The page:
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Bundesliga Mid-Season Review

Bundesliga trophyThe first half of the Bundesliga season has been perhaps the most surprising in the competition’s 47-year history.

While it is not unusual for one or two teams to upset the odds or disappoint, for pretty much everyone to either outperform expectations or fall well short is extraordinary. None more so than Borussia Dortmund, who go into the winter break ten points clear.

Dortmund were braced for a year of transition, having made the decision to rely heavily on youthful talent – theirs is the youngest starting eleven in the league. They lost their first and last games of their opening 17, but in between they managed 14 wins and a draw while studiously avoiding any title talk.

Mario Götze, 18, and 22-year-old trio Kevin Grosskreutz, Mats Hummels and Marcel Schmelzer all made senior Germany debuts in 2010 and the only place where a lack of experience perhaps told was in the Europa League, where they fell in the group stage. “Overall we have had a very successful and educational first half of the season,” said midfielder Nuri Şahin.

An even bigger upset has arguably been the rise of 1. FSV Mainz, who began with seven straight wins and have never fallen away as pundits suggested;  they go into the new year in second. Amidst the carnival atmosphere, Thomas Tuchel had built a strong side with experience in defence and a promising forward line.

Tuchel has rotated his squad, giving every player a part of the success.

“In 17 games we’ve got 33 points,” the coach said. “That’s almost two per match, a very good ratio. My boys have gone into every match like it is their last: it’s the only way they can perform at the top.”

They are not the only surprises at the top. Hannover 96 are fourth, two points behind Mainz, while Freiburg, Eintracht Frankfurt and 1899 Hoffenheim are also in the top eight. All are reaping rewards for stability: Hannover coach Mirko Slomka’s job was not questioned even after a German Cup exit at fourth-tier Elversberg; Eintracht did not panic when they had only three points after five games.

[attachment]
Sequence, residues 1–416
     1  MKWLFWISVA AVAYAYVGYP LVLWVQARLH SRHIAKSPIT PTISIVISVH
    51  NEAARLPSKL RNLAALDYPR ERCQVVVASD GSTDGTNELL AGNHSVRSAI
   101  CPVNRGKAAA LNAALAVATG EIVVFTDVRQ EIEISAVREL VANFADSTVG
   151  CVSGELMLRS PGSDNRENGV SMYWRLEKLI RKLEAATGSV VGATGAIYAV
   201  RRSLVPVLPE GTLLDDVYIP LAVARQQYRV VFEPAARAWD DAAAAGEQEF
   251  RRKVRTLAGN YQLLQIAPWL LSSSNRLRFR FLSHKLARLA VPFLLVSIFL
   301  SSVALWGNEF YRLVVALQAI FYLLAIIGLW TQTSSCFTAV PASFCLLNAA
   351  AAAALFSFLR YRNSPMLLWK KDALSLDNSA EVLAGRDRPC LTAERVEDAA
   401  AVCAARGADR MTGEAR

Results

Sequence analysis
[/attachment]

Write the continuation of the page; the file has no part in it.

On the other hand, expected challengers Hamburg, VfL Wolfsburg, Werder Bremen, VStuttgart, Schalke and Bayern Munich are lagging. Stuttgart, unbeaten in the Europa League, are second from bottom and on to their third coach of the season in Bruno Labbadia.

Meanwhile, last season’s big two are in the obscurity of mid-table. Bayern have made their worst Bundesliga start ever and, while now up to fifth thanks to Mario Gómez’s goalscoring form, are 14 points behind Dortmund. Critics are split as to whether their woes are down to post-World Cup fatigue, injuries to Franck Ribery and Arjen Robben or the team lacking hunger after so much success last term.

Schalke coach Felix Magath brought in 13 players in the summer “to prepare the team for the Champions League”. They have made the round of 16, yet in the Bundesliga they were down at the bottom until a recent upturn lifted them to tenth. They and Bayern will need much more if they are to overtake Dortmund in spring.

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